We are thrilled for 2017 Porter Fund Literary Prize winner Padma Viswanathan. Presented annually to an Arkansas writer with a substantial and impressive body of work, the $2,000 prize makes it one of the state’s most lucrative and prestigious literary awards.
From The Idle Class Magazine:
“It seemed somehow fitting that I received the call about being selected for the Porter Prize while watching my kids play in Central Park: no matter where I go now, Arkansas, my adopted home, exerts an irresistible pull,” said Viswanathan. “I didn’t know, when I moved to Fayetteville eleven years ago, whether Arkansas would have me, nor what I would have to offer this place. To be awarded the Porter Prize feels like a response to those questions. I am profoundly honored.”
Westwood Creative Artists, Canada’s largest literary agency representing more than 400 writers, is looking for a candidate to fill a full-time 12 week internship position, beginning Monday August 21st and ending Friday November 10th, with possible flexibility for the right candidate.
A considerable amount of time during this internship will be spent working with WCA’s international rights director and rights assistant in preparation for the Frankfurt Book Fair in October. There will also be the opportunity to work with other WCA agents and at the reception desk. In the rights department, the intern will be involved in catalogue proofreading, general preparation and follow-up for the London Book Fair. There will also be some data entry and other administrative tasks. While working with individual agents, the intern will understand how the agent manages his or her authors, learn about Canadian and US submissions, and provide needed support in a varied number of capacities. At the reception desk, the intern will really be at the “nerve centre” of the agency. Tasks will include daily administration work, reading submissions, and receiving authors and publishers as they arrive at the agency.
We offer a competitive honorarium of $1500, a lively and congenial work environment in Toronto’s Annex neighbourhood, and an excellent opportunity to gain an overview of the publishing industry in Canada and abroad through the lens of the literary agent and the writers we represent.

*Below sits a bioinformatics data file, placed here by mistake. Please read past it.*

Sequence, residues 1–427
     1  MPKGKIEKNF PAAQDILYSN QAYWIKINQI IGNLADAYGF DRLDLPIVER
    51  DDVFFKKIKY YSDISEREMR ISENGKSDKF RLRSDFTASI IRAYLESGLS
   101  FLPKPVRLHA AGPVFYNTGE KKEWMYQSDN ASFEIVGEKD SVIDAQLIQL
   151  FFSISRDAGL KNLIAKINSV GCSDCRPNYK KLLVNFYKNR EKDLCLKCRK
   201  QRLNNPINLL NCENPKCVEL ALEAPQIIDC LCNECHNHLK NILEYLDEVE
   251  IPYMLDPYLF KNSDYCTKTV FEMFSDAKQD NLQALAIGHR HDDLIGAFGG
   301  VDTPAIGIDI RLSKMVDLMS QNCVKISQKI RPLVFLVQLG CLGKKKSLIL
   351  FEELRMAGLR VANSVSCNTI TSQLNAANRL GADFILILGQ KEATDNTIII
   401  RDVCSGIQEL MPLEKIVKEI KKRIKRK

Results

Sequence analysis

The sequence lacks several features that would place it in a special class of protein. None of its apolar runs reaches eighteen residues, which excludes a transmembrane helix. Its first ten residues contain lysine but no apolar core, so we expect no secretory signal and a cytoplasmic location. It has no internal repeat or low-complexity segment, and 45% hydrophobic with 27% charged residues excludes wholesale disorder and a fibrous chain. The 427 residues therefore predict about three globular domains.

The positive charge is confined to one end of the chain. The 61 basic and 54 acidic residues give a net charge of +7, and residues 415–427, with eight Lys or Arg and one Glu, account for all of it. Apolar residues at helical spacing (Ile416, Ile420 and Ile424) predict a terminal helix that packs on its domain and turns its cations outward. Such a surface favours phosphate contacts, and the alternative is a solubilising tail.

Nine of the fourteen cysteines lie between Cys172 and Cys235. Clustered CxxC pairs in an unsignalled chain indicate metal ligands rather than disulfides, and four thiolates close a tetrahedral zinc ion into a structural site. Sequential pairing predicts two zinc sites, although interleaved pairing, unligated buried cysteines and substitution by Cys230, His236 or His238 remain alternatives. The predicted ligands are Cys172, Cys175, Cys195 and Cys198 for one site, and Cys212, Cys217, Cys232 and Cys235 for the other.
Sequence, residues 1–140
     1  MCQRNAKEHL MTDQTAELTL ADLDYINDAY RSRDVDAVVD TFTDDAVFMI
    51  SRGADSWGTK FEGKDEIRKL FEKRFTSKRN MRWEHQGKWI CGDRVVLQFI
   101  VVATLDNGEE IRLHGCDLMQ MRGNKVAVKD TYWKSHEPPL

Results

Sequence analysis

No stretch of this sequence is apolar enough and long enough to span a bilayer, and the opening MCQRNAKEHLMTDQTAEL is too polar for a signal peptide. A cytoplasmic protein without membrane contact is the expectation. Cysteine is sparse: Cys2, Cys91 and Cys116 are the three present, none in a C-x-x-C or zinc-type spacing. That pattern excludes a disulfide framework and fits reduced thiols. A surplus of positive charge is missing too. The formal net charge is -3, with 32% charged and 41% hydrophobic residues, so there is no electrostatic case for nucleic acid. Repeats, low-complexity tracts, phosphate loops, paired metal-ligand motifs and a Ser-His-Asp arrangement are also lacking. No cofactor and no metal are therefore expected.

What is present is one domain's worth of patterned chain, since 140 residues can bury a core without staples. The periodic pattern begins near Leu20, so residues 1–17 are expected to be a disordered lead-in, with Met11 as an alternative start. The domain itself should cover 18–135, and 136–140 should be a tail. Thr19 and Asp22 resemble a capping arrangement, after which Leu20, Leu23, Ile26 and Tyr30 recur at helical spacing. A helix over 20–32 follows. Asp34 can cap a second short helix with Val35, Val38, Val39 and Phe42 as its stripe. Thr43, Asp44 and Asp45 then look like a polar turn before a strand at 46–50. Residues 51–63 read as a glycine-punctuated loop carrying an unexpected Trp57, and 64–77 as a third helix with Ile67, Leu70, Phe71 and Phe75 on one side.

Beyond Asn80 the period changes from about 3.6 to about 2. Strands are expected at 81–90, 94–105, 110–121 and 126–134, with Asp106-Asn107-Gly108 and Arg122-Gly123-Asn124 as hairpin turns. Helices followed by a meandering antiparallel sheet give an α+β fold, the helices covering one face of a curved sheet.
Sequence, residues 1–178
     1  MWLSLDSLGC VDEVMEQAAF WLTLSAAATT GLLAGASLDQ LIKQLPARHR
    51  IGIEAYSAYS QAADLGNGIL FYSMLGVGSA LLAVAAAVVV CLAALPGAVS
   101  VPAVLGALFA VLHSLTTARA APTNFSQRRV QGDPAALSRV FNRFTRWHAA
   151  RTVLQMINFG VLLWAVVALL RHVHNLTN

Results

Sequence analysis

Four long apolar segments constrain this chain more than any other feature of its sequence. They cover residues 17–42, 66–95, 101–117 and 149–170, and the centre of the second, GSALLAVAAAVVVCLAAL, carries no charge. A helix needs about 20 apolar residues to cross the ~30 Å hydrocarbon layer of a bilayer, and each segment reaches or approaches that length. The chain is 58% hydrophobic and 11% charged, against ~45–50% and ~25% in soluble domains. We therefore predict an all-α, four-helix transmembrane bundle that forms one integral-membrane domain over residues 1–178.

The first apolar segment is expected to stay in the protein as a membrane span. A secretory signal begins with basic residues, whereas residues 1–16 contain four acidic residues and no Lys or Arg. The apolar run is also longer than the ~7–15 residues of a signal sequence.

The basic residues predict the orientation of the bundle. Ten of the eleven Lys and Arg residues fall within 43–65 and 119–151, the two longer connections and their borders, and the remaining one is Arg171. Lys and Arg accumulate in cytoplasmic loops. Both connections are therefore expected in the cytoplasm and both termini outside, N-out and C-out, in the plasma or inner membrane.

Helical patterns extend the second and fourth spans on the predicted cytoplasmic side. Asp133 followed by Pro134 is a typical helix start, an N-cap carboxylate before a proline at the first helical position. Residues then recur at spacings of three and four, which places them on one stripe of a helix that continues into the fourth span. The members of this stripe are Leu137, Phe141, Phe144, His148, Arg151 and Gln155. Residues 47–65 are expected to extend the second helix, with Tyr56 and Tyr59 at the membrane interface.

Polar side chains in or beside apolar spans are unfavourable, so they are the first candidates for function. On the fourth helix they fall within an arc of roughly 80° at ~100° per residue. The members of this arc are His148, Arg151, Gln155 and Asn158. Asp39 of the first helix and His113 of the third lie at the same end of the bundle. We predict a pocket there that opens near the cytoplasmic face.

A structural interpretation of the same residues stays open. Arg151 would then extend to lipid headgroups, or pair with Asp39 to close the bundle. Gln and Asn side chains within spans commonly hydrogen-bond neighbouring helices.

The ideal candidate will be eager to learn, highly organized, energetic, and have a positive outlook. Strong proofreading and computer skills required; previous office experience and knowledge of the publishing industry an asset; passionate attention to detail and accuracy a must. Please send your cover letter, resume, and references to the attention of Carolyn Forde at Carolyn@wcaltd.com at your earliest convenience or by July 12th. We appreciate all applications but will only reply to candidates selected for an interview.
Congratulations to 2017 Saskatchewan Book Awards winners Yann Martel and Trevor Herriot! Martel’s The High Mountains of Portugal won the Regina Public Library Book of the Year Award and the City of Saskatoon and Public Library Saskatoon Book Award. Through different characters – a Portuguese pathologist, a Canadian senator, and our protagonist Tomas – Martel weaves a contemporary fable offering a haunting exploration of great love and great loss.
Herriot’s Towards a Prairie Atonement won the City of Regina Book Award. With the help of a Metis Elder, Herriot revisits the history of one corner of the Great Plains and finds himself facing his own responsibility as a decedent of settlers.
Barbara Gowdy and Joel Thomas Hynes are in good company on The Globe and Mail’s most anticipated books of 2017. Gowdy’s Little Sister explores the limits of the human mind through Rose, who runs a small repertory cinema with her widowed mother. As a series of storms strike Toronto, Rose experiences vivid, ultra-realistic dreams about living someone else’s life. In Hynes’ We’ll All Be Burnt in Our Beds Some Night, scrappy Johnny Keough sets out on a cross-country road trip to scatter his girlfriend’s ashes on a B.C. beach and accept the man he needs to become.